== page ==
Women with flexible work arrangements are more likely to succeed and enjoy promotions, while men with similar working arrangements feel discouraged, harshly judged and that their career has been jeopardised, joint research from Bain & Company and Chief Executive Women has found.
Researchers asked 1,030 staff across Australian workplaces about their use of flexible work arrangements, and about how they perceived their organisation.
A flexible workplace was defined as one that allowed employees control over when, where and how they work, including working part-time, working from home, setting their own hours and taking leave.
The researchers also asked employees to rate their likelihood of recommending their organisation as a place to work, and as a place for women to progress to senior levels. Confidence and commitment levels were lower for men who worked flexibly than those who did not, the report found.
Men were also twice as likely as women to have their request for flexible working arrangements rejected.
“My boss told me I wouldn’t be able to get promoted working part-time,” one man who responded to the survey said.
Another said: “The [flexible] arrangements worked as agreed, but I have felt judgment for using them.”
Women with flexible work arrangements, however, were more committed to reaching their career potential and felt confident about being promoted, the results show.
“This suggests that organisations have not yet cracked the code on how to make such arrangements work for male employees,” the report found.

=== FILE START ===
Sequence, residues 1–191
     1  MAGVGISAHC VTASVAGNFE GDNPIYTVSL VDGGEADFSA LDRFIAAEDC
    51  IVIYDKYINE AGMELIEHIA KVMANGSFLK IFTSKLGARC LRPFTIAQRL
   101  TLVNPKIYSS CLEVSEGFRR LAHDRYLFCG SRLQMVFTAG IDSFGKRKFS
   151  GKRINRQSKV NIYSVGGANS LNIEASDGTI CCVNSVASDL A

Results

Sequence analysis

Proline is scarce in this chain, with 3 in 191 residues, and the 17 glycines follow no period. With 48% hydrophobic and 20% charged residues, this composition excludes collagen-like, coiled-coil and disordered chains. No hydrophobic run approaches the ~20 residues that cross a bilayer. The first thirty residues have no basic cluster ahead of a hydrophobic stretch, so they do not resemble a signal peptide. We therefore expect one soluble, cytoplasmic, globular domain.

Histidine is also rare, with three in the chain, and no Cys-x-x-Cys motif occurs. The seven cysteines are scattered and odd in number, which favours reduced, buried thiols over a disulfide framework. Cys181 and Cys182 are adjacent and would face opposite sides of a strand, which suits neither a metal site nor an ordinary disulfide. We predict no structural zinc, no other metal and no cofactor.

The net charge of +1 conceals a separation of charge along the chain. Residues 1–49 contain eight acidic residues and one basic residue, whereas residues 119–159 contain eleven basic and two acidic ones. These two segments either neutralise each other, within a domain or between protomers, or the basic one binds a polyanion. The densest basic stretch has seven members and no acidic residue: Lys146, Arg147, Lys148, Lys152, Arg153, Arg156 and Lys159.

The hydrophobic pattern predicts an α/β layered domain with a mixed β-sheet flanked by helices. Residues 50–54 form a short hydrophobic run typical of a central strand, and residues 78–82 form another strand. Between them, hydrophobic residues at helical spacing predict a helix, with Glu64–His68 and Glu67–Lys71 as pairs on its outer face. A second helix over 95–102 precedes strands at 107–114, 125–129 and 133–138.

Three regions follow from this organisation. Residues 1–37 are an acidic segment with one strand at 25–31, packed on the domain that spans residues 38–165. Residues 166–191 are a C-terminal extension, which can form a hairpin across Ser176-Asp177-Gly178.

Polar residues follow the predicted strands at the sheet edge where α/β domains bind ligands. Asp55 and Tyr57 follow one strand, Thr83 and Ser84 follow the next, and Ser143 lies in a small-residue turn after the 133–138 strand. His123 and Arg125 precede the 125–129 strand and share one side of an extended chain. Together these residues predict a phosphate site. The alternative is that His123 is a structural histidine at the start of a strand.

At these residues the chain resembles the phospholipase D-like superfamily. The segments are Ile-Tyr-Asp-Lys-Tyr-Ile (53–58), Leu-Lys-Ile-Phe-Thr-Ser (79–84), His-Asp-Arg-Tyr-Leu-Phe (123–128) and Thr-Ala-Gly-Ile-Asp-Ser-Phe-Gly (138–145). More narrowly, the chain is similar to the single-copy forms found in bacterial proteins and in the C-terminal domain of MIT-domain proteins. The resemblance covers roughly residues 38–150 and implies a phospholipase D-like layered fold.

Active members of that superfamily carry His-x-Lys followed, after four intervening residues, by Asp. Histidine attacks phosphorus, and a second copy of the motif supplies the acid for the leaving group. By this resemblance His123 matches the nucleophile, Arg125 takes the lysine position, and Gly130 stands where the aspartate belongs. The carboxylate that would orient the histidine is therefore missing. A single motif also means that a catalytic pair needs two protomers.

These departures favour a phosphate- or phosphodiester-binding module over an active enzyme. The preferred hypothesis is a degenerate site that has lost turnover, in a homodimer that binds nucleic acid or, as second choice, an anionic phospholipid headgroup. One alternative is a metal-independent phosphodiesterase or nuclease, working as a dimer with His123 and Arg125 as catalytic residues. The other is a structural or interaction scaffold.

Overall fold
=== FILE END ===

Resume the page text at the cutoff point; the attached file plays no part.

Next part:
A co-author of the report and director of Merryck & Co, Meredith Hellicar, said the top reasons for wanting workplace flexibility were the same for both men and women: caring for children, caring for an elderly or sick parent, and wanting a greater work-life balance.
“Just as women had to explode the myth they’re less ambitious, men are now experiencing judgments that need to be dispelled,” Hellicar said.
“Our cultural values are deeply embedded so we must change perceptions around whose role it is to care for kids and accept that men can, and want to, take on this role too.”
However, it should not matter to employers what their employees’ reasons were for wanting to work flexibly, Hellicar said, with advances in technology and most businesses now able to run from anywhere, meaning flexible workplaces should be the norm.
However, only 48% of organisations had a formal flexible work policy, she said. The experience of women proved that flexible working could increase feelings of loyalty to a company and productivity, she said. “We just need to encourage senior support for men who want similar arrangements,” she said.
Jesse Olsen, a workplace practices and diversity management expert with the University of Melbourne, said a lot of conversations around workplaces focused on getting more women into the workforce. While this was important, there was more to it, he said.
“A critical component of that is allowing men to get back into the home,” Olsen said. “If we want women to enter the workplace more and equal numbers of men and women, we have to make it easier for men to take on caregiving at home.”